Again regarding the theory that the Earth moves (a highly controversial hypothesis at the time), he cites Galileo, who praises the "followers of the Pythagorean opinion [that the earth moves]." He specifically refers to those who choose to trust their logic and rationality over the countless observations via senses that oppose the theory of the movement of Earth.
Another observational example, other than the tower argument (mentioned yesterday), that strongly shows otherwise deals with the movement of other planets and is described by Galileo:
Mars, when it is close to us...would ahve to look sixty times as large as when it is most distant. Yet no such difference is to be seen. Rather, when it is in opposition to the sun and close to us it shows itself only four or five times as large as when, at conjunction, it becomes hidden behind the rays of the sun.Furthermore, regarding Copernicus and his revolutionary (no pun intended) ideas for Venus, Galileo states:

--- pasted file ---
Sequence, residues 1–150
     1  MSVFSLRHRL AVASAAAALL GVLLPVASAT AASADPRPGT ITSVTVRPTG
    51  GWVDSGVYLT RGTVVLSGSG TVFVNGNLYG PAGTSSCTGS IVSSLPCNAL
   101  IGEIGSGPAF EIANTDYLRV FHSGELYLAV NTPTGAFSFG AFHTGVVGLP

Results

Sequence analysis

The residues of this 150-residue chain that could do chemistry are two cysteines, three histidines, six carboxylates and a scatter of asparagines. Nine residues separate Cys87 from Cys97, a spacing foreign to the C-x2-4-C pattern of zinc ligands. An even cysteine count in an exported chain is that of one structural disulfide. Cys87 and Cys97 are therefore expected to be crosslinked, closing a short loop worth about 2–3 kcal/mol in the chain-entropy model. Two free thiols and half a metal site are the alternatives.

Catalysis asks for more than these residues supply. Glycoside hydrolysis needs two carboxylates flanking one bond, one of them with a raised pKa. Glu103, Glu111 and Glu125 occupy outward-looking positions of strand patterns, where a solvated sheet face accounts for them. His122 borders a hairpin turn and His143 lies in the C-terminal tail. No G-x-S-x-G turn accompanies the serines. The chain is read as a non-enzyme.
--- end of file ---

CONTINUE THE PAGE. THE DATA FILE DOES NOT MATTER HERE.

I cannot get over my amazement that he was constantly willing to persist in saying that Venus might go around the sun and might be more than six times as far from us at one time as at another, and still look always equal, when it should have appeared forty times large.
Feyerabend cites these observational arguments to show that such claims only create an illusion that prevents us from discovering the truth, and that rationality must be prioritized in order to escape such illusions.
Yet overcoming one's senses and replacing them with reasoning is no small feat. This explains why Galileo so admires those who "have, through sheer force of intellect, done such violence to their own senses as to prefer what reason told them over that which sensible experience plainly showed them to be the contrary."
*All quotes by Galileo were from his Dialogue Concerning the Two Chief World Systems, and were taken from Feyerabend's essay.